The better to hear you with, my dear!

Today we continued our work at KYC.  On our day off, we have taken the desire of the KYC participants to learn about play building and planned two sessions.   During our work today, those plans continued to change and adjust.

I had the opportunity to lead an exercise entitled, “Stop, Go, Clap, Jump.”  To anyone out there who has the opportunity to lead theatre games or exercises, this one is a keeper.  We started by walking about the room and following simple commands (i.e. stop, go, clap, jump).  The game takes a twist when the words start to take on different meanings.  Stop becomes go.  Clap becomes jump.  Go becomes stop.  Jump becomes clap.  The exercise is a fun way to get the brain working.

The KYC students shared an exercise with us today.  This exercise was a modification of rock, paper, scissors.  The participants are divided into two groups.  The groups decide on a sequence of actions (Rabbit, Archer and Wall).  Once decided the groups show their actions and see who the winner is.  My team “lost” but had an amazing time.

We began our session working with a slightly adapted version of Little Red Riding Hood.  Our initial goal was to break up into four groups and create the story in four scenes.  Each group would create one scene.  We would take a couple of days to explore a multitude of play building strategies.  At the conclusion of our work on Friday, we would share our scenes and discuss what strategies were used.  During the break we were invited to perform this work tomorrow with KYC at a local school.  We had to accept the invitation and so we kicked our devising into overdrive.

In a half-day session (we started at 8:30 and finished at 1), we created images for each scene; brought those images to life, showed the scenes we have created and put together an opening sequence.  This is the type of thing that KYC wanted.  It is an opportunity to focus our work on the participants’ desires and needs.  It can be quite scary putting a play together in what amounts to two half-day sessions.  But if you don’t put yourself in challenging or scary situations, how will you ever learn or grow?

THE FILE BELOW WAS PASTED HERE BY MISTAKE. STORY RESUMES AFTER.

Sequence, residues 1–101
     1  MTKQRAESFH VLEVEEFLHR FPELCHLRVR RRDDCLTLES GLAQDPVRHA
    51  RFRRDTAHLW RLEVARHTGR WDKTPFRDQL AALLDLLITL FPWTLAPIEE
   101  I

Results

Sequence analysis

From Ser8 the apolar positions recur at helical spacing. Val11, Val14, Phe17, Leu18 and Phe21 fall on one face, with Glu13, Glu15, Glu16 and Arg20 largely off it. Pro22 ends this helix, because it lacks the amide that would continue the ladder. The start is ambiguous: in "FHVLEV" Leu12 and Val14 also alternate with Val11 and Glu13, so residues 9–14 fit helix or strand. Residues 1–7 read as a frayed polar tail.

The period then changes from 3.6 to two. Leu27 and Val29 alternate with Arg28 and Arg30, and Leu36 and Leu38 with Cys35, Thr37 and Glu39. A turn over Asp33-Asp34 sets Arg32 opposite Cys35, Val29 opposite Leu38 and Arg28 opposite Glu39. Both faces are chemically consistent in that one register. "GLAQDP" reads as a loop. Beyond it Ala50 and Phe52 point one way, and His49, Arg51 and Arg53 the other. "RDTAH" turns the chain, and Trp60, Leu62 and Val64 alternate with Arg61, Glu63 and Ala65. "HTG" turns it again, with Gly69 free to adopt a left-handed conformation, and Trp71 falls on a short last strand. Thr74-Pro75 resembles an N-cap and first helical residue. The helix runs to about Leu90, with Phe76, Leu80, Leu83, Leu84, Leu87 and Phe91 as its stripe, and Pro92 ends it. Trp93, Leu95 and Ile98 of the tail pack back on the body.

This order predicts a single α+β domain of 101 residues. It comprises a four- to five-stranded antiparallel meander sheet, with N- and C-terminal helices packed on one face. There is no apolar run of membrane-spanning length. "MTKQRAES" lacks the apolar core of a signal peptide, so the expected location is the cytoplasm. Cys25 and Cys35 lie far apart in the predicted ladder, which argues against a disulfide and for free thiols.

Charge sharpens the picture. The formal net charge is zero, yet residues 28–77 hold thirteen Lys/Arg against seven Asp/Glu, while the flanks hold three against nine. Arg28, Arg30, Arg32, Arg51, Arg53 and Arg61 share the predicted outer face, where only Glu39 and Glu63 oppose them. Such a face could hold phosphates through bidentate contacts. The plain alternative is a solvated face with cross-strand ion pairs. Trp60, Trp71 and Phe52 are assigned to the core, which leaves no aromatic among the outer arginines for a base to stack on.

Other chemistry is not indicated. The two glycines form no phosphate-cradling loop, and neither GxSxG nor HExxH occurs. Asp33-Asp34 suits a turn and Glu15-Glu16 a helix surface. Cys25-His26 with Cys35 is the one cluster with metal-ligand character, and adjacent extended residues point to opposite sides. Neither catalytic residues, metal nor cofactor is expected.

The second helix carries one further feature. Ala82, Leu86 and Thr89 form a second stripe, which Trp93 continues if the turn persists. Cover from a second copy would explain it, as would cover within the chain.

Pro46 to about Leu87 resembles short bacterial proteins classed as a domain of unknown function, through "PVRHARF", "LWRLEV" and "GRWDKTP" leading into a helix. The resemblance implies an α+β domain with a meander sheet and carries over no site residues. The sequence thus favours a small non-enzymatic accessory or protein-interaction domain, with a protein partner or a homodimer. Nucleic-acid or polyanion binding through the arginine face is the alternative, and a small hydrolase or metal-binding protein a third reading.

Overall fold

This evening has been filled with preparation for tomorrow.  We have a bit of an earlier start (8 AM) and head to the school at 11.  I am excited to see the work that KYC performs at schools.  They will present their original piece that they tour to schools here in Rwanda.  I am also excited to then jump on the stage and show some work that we (KYC, KIE and CUNY) have created in an obscenely short amount of time.  What a way to end our work here in Rwanda!

This is Bennett wishing you peace and praxis.

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One Response to The better to hear you with, my dear!

  1. CarolSandiford says:

    Good to hear from you, my sweet nephew. What amazing experiences you and your colleagues are having! Having the opportunities to apply what you have been studying in such dramatic & ever-changing ways must be exciting & challenging all at the same time. And yes, these types of situations that push our boundaries do help us grow & change. I truly hope that the remaining time there will be fulfilling and joyful. I assume your darling Sheila & your parents have your return schedule–hope you are traveling home with some of the other students/faculty. Will look forward to hearing from you when you are back in New York, if not before. Safe travels!

    All my love,
    Aunt Carol

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